“Remember, when you locked me in a room until I learned how to use that computer?” says the inmate, who wasn’t authorized by the prison to be quoted by name. Miss Shirley laughs, changes the subject, deflecting attention from herself, and then the inmate whispers: “Don’t let her be too modest. She is an amazing teacher. A lot of us have relied on her.”
Murderers, rapists, thieves and drug dealers have been relying on Miss Shirley, as she is always called by library visitors, for more than two decades to get them Jackie Collins novels, Westerns, biographies of Henry Ford, the latest James Patterson page-turner, poetry, Entrepreneur magazine, math textbooks, resume guides and illustrated books about snakes.
But with state budget shortfalls, Miss Shirley is no longer allocated money for new books. Her already tiny slice of the $13.9 million prison education budget was whittled back even further after the department took a $2.1 million hit last year. Staffing is down. Funds for programs letting prisoners read books to their children — also gone.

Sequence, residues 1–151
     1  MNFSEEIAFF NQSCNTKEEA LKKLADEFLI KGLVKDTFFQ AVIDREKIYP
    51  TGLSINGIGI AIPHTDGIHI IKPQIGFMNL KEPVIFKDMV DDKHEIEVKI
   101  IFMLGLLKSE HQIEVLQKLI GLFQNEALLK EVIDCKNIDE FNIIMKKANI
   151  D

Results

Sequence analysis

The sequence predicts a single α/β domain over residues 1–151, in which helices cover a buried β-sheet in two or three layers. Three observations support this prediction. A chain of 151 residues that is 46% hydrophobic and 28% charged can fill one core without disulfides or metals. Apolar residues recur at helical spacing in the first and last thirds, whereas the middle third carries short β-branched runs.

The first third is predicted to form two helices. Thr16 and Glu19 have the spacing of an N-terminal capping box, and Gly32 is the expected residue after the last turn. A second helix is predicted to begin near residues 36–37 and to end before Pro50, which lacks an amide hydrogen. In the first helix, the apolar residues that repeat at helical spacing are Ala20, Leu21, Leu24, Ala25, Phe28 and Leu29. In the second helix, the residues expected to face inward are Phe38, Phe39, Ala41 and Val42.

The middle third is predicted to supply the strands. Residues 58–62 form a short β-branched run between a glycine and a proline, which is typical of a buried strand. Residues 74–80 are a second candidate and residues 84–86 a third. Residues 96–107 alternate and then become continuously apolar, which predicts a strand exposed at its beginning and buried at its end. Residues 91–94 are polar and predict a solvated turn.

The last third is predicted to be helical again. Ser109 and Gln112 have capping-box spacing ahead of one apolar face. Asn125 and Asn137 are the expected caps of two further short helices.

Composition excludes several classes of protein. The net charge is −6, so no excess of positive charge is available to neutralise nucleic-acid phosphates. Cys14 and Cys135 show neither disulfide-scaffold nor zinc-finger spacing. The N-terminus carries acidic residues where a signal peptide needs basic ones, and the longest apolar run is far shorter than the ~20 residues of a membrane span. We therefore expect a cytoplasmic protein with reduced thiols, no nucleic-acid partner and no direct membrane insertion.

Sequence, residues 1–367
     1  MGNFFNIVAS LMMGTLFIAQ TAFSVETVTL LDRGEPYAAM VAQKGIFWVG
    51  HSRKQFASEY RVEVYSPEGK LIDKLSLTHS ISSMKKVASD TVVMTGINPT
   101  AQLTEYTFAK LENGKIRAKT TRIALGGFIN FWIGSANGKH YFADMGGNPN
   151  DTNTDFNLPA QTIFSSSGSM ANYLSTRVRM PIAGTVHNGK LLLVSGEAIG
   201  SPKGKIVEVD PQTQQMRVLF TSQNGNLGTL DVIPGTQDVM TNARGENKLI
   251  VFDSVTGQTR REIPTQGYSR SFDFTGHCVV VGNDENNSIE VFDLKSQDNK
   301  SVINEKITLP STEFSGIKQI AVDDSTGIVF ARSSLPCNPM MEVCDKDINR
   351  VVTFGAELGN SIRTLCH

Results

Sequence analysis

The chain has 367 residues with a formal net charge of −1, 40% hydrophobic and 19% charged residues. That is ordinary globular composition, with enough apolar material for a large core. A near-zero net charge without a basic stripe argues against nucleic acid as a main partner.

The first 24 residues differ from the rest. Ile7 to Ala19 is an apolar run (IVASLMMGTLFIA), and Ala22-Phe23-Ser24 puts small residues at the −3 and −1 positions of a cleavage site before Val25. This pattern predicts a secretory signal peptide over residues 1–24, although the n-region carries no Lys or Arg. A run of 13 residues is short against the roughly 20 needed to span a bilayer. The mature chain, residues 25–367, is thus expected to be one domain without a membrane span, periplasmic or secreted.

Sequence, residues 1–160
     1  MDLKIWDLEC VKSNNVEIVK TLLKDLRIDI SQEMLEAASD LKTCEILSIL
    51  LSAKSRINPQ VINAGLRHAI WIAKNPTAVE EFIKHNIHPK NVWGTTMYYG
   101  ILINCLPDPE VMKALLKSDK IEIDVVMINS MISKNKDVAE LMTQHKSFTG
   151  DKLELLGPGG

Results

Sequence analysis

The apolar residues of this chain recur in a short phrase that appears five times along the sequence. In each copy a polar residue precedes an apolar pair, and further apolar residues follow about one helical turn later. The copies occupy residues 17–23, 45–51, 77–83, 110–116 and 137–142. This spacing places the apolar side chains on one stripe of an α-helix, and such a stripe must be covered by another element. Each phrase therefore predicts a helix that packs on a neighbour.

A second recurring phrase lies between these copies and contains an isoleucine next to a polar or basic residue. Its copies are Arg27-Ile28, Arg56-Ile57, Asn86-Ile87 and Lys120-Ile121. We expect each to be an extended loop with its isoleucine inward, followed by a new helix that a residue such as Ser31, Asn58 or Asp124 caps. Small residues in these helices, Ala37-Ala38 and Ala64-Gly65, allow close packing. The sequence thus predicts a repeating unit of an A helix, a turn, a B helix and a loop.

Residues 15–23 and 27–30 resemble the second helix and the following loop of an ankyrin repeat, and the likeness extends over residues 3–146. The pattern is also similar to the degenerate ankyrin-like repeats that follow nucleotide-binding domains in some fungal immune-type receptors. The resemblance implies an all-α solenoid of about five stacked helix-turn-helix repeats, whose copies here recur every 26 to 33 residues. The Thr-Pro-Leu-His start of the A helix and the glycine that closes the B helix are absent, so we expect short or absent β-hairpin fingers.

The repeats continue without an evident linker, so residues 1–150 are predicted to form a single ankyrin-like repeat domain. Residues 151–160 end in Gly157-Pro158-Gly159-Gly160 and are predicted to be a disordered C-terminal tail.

These days, her stories about library science behind bars often begin with this phrase, “When I had money. . . ”
Miss Shirley has weathered deficits during previous recessions as lawmakers diverted money away from prisoners toward law-abiding citizens — a constituency, she knows, that is prone to ask, “Why give money to murderers to read when people can’t get jobs?”
The pendulum between punishment and rehabilitation behind bars always swings toward punishment during tough fiscal times, prisoner advocates say. But they also argue the swing is shortsighted, pointing to studies showing education programs can reduce recidivism by 29 percent.
“Libraries in prisons changes lives,” says Diana Reese, president of the American Library Association’s division for specialized libraries.
Prisoners acknowledge the difficult decisions lawmakers face.
“Here are these men locked up, promised three meals a day, and we can read at our leisure without paying the rent,” says Wayde Heslop, 38, of Silver Spring, who is serving a life sentence at North Branch Correctional for the murder of a 23-year-old Hyattsville man. (Heslop loved “The Count of Monte Cristo.”) “But some of these men are coming back home. If they come back into society, at least they should come back educated.”
Miss Shirley is not complaining. Rather, she has won plaudits from her prison librarian peers for pushing ahead despite setbacks facing the entire prison reading community. “Her libraries have been devastated in the last few years,” says Diane Walden, Miss Shirley’s counterpart for Colorado prisons. “She doesn’t complain or vent or whine. She is very focused on what she can do. She’s an amazing person and advocate.”